Deb- You’ve been a published author for a long time but Outside The Ordinary World is your first novel. Was authoring a novel something that just came to you suddenly or has it been a long time coming?

Dori- Honestly, the story started percolating in my mid-twenties and has gone through several different incarnations. In between drafts, I took long breaks, got married, had babies, started my business… so it’s certainly not like I was writing full-time for fifteen years. But it was, in fact, about fifteen years, in fits and starts!

Deb- As you know I loved your novel even though it was a hard book to read, it deals with very real and very emotional subjects. Does this novel stem from somewhere personal for you?

Dori- I started the book as an autobiographical exploration of my own family’s dissolution in the mid-70’s, and over time, the story became more and more fictionalized—it took on a life of it’s own. But yes, the seed of the book was from my very personal and somewhat painful childhood experience.

Deb- Dori, is it hard to balance your career as a teacher and an author with being a mom and wife? How does your family feel about having a celebrity in the family?

Dori- Yes, Deb, it’s the hardest thing for me, balancing a writing life with a family life. I’m always in awe of women who do it well. While I was writing OTOW, I literally had to get away in order to write: every six weeks or so, I’d go off to a writing retreat center in Ashfield, a nearby town, and spend three or four days. I did this for the two years that I was finally putting the current version of the book together. It was hard on my family, but without those weekends, I couldn’t have finished it. Right now, as I’m writing this, I’ve got kids playing on the floor beside me and my 12-year old coming in and asking for things… This is just how it is a lot of the time. Still, I wouldn’t trade it for anything.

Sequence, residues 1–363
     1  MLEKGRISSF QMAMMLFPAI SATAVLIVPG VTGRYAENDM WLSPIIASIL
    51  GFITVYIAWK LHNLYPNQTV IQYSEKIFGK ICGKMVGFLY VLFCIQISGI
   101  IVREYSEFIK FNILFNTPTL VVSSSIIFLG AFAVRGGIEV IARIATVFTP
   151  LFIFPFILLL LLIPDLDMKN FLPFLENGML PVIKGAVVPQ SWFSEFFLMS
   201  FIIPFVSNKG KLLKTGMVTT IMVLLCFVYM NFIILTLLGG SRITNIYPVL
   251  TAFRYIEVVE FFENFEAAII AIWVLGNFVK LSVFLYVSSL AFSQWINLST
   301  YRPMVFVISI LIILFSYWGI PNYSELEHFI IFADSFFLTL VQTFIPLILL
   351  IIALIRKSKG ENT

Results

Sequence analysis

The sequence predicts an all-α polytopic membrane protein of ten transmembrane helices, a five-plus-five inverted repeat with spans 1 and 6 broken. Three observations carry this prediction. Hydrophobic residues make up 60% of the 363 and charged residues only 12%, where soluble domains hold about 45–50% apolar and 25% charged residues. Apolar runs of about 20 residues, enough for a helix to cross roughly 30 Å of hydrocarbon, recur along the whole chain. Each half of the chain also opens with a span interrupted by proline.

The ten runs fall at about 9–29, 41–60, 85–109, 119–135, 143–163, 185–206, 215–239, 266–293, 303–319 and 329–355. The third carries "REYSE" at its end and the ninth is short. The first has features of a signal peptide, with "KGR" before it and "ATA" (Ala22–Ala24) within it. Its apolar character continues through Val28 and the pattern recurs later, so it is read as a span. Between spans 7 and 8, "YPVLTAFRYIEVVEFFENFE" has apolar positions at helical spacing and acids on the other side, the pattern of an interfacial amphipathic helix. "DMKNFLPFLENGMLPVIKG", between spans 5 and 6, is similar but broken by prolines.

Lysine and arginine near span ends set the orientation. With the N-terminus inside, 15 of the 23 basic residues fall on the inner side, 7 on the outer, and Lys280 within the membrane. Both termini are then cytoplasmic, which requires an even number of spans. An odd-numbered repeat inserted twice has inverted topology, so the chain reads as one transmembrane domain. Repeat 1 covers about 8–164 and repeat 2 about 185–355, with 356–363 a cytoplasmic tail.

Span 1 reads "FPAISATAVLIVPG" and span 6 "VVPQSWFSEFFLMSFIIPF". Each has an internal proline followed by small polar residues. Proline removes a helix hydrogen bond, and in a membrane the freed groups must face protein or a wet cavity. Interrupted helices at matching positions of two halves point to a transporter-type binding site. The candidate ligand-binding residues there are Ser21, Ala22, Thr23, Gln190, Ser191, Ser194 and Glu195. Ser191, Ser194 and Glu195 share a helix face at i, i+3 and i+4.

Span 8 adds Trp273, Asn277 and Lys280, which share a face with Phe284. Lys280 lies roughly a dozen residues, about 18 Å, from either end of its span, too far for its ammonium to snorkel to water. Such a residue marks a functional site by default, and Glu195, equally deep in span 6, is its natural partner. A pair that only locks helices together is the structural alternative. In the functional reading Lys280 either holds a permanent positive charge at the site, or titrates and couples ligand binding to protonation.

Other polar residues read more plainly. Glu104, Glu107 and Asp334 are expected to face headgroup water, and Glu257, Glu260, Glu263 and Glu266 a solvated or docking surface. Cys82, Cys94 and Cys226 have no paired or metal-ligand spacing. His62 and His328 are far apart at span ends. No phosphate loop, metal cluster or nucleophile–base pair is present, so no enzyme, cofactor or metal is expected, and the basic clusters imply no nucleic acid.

Deb- I see you’re working on your next novel, can you tell us what it will be about?

Dori- My next book is about a woman whose husband is shot by his favorite student—a boy whose mother the teacher’s widow once worked with in a battered women’s shelter; the tragedy propels the widow into a world that she never would have imagined having access to, and she discovers things about herself and her husband that she never understood before. The story is very loosely based on a case I read about in the news. It asks the question of whether or not we can ever really know the ‘other,’ and under what circumstances true forgiveness and compassion can exist. It’s due out in the fall of 2012.

Be sure and visit Dori at her website.


  1. Outside the Ordinary World is an amazing literary experience. It is a beautifully written story of a very painful and not uncommon life situation. The author's use of descriptive language is phenominal. She transported me to places in time and made me believe I was really there in that moment. I'm glad to see that Barnes and Noble is taking notice of this great book and recommending it to their readers. They will not be disappointed!

  2. Renee, thank you for your comment. Please feel free to join us in January at the Fiction club to talk about the novel and with Dori.